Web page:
SSDI is a commonly used acronym which is short for Social Security Disability Insurance, a program that provides monthly Social Security Disability benefits to individuals under the age of 65 who meet certain criteria for disability and have accumulated sufficient work credits.
What are the Requirements?
To qualify for SSDI benefits through Social Security, you must have held qualifying job for a specified period of time. Qualifying employment is defined as work for which you contributed to the Social Security system. Each year, the Social Security Administration grants up to four work credits depending on your total annual earnings or self-employment income. The credit amount required varies from year to year, so it’s a good idea to check the credit amount required prior to applying to ensure you have enough. These credits are based not only on your earnings, but also on your age at the time you become incapacitated. Much of the information you require can be found on your Social Security Statement, which is available on the SSA’s website.
Along with work credits, you must demonstrate that you are disabled by a totally disabling ailment that precludes you from working. A debilitating condition, according to Social Security, is one that prevents you from performing the work you did prior to being incapacitated, prevents you from performing alternative employment despite your disability, and has lasted or is likely to persist at least 12 months or results in your death. SSDI does not pay payments for temporary or partial disability.
You Will Require Tests
Means Test – To qualify for disability benefits under the Social Security Administration’s definition, you must either be fully disabled from employment or be working but unable to earn more than $1,070 a month. This income restriction changes on a regular basis, so before applying for Social Security disability payments, be sure to check the income limit for the year in which you intend to apply.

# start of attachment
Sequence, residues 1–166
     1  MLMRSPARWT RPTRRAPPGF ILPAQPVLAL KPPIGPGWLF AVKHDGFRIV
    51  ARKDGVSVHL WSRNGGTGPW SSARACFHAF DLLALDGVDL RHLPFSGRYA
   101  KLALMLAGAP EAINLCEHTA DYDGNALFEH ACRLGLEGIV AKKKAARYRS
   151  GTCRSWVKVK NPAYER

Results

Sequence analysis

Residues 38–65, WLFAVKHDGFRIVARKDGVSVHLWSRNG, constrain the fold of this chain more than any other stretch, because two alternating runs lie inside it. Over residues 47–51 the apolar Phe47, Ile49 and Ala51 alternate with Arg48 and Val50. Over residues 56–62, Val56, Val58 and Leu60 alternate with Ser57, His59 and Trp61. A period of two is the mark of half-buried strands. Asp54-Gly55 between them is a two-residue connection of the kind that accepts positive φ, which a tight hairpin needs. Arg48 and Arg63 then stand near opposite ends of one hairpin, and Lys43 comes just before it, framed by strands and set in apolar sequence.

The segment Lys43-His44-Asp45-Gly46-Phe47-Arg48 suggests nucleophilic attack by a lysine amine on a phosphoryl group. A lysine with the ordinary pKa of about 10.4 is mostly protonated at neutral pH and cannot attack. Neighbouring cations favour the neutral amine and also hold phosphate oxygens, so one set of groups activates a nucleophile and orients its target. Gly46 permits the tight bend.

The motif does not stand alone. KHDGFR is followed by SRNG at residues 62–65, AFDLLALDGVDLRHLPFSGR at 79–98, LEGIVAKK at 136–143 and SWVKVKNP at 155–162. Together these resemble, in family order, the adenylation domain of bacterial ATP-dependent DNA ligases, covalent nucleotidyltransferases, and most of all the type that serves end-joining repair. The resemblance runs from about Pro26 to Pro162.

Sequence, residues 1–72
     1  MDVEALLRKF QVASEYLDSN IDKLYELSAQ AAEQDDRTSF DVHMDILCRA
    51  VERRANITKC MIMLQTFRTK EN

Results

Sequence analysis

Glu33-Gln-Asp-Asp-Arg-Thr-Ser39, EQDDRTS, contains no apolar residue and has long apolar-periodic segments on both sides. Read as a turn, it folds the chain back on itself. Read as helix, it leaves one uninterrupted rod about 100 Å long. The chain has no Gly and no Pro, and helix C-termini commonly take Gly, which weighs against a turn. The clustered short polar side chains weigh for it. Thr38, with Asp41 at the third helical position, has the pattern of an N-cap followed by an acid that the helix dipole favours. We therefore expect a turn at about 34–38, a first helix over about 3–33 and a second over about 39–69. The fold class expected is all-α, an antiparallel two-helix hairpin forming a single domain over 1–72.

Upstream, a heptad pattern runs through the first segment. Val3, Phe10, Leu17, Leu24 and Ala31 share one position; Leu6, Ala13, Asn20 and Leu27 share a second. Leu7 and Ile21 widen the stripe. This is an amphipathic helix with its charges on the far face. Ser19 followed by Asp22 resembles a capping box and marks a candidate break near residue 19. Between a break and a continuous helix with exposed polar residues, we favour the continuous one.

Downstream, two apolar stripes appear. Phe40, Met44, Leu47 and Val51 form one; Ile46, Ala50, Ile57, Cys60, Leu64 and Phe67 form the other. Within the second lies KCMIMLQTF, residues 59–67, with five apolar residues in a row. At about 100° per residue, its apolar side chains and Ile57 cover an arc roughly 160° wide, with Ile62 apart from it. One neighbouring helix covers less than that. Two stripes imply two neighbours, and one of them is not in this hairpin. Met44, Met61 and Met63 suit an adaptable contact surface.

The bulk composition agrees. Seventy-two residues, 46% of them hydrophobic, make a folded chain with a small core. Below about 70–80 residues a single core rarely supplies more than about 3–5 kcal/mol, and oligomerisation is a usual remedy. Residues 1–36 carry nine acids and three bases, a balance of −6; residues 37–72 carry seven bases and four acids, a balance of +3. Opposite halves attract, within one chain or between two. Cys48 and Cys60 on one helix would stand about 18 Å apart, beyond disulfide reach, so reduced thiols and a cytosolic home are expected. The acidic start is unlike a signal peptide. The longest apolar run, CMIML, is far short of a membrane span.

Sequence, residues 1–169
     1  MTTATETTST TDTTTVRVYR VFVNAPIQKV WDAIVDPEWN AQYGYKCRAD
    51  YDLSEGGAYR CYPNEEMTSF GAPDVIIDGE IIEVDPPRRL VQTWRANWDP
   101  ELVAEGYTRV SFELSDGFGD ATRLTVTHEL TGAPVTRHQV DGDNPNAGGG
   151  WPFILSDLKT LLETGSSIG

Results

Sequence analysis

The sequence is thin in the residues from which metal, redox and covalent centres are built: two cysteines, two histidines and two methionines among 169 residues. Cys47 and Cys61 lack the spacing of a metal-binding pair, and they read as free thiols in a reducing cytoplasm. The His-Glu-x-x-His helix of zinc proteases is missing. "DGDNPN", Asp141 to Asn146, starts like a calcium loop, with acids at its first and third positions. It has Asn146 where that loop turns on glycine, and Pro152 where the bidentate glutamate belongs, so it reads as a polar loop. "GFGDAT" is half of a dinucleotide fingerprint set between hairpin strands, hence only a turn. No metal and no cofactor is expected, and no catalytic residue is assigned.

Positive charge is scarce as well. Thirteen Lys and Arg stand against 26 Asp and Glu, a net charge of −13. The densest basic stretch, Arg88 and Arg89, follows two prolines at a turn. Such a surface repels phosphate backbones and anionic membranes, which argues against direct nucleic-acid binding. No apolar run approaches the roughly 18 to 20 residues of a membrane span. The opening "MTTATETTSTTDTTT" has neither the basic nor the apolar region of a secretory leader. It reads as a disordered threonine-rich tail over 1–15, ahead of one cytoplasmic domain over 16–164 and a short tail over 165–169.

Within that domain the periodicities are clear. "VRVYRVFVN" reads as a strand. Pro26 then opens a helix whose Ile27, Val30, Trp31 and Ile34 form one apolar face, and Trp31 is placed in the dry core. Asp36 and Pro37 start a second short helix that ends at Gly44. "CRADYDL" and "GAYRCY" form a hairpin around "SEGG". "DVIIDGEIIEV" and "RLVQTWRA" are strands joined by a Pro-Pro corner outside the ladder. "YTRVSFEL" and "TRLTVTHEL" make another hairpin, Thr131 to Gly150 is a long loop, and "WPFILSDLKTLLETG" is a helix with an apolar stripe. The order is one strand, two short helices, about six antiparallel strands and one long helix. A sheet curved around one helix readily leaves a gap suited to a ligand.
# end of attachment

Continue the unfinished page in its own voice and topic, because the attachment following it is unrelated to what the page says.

Severity Tests – Test assesses the degree of your disability. Regardless of your diagnosis, SSA will award you Social Security disability benefits under SSDI only if your condition significantly impairs your capacity to work.
Medical Proof – If you fulfill the income and severity tests, the SSA will request medical documentation demonstrating that you fit the criteria for your disabling condition as defined in the publication entitled Disability Evaluation Under Social Security, popularly known as the Blue Book. Additionally, the SSA maintains a list of 50 medical conditions that automatically qualify for SSDI benefits, referred to as compassionate allowances.
Job Test – the SSA will then decide if you are capable of performing past work. If not, it will assess whether you are qualified to perform another type of employment based on your education, work experience, and age.
The tests outlined above are the fundamental requirements for eligibility for Social Security Disability benefits. Other eligibility requirements apply if you are blind, widowed, applying on behalf of a child, or a member of the armed services.
If you file for SSDI benefits and are successful, your family members, such as your spouse or children, may be eligible to receive payments on your behalf. How much your family members receive is determined on the amount of Social Security taxes you paid while working.
When applying for SSDI benefits, you must include your spouse and/or dependent children in your initial claim. To qualify, your spouse must be under the age of 62 and co-caregiver of your children with you, but only if they are under the age of 16. If you and your spouse divorce, if you were married for at least ten years, your spouse may still be eligible for auxiliary benefits under your SSDI.
If your children are under the age of 18, unmarried, and enrolled in school, they may be eligible for auxiliary benefits.
The Following Steps to Take
If you qualify for Social Security Disability benefits under SSDI, you will receive them until you are able to return to work or attain retirement age, at which point your disability payments will automatically convert to regular Social Security Retirement benefits.
While the regulations may appear simple at first glance, they are frequently comprehensive, detailed, and difficult to comprehend. The time span between filing an initial application and receiving a final ruling can be measured in years. It is highly recommended that you obtain the services of a qualified Social Security Disability attorney or advocate to assist you through the application and appeals processes in the majority of cases.